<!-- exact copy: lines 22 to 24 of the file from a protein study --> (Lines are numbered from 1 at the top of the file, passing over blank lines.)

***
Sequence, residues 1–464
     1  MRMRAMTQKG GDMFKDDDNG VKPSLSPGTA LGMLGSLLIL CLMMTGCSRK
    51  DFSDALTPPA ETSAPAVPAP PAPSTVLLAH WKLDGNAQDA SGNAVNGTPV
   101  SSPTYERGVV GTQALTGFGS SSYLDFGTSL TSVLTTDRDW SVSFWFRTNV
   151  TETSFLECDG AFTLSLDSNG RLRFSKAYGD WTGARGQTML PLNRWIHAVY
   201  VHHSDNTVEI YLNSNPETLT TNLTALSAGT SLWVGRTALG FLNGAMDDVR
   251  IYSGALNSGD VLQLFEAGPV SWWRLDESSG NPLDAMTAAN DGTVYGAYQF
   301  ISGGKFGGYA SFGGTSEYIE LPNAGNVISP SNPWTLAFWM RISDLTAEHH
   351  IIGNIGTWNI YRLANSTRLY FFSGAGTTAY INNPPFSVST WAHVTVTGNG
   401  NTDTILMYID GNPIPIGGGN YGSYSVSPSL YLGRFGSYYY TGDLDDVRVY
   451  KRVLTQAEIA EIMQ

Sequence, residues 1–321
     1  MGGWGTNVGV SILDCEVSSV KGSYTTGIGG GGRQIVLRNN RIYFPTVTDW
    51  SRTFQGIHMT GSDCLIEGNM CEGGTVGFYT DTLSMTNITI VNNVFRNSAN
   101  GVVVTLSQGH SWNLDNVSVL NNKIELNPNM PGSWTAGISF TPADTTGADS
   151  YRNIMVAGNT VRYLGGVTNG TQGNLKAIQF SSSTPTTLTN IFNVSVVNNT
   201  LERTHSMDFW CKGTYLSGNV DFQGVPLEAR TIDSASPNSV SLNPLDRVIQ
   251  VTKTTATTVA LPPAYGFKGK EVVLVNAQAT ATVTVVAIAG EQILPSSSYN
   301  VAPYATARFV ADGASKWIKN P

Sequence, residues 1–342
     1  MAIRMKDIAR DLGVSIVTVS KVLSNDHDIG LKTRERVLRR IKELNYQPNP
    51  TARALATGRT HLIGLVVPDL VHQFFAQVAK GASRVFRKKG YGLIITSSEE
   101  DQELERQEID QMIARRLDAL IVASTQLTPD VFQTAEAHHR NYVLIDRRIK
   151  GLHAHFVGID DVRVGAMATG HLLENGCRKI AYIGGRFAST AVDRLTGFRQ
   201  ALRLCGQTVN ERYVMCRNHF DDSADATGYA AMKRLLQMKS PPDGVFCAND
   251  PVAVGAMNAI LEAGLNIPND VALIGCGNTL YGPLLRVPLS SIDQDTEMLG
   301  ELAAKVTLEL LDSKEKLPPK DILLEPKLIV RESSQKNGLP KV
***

    51  TARALATGRT HLIGLVVPDL VHQFFAQVAK GASRVFRKKG YGLIITSSEE
   101  DQELERQEID QMIARRLDAL IVASTQLTPD VFQTAEAHHR NYVLIDRRIK
   151  GLHAHFVGID DVRVGAMATG HLLENGCRKI AYIGGRFAST AVDRLTGFRQ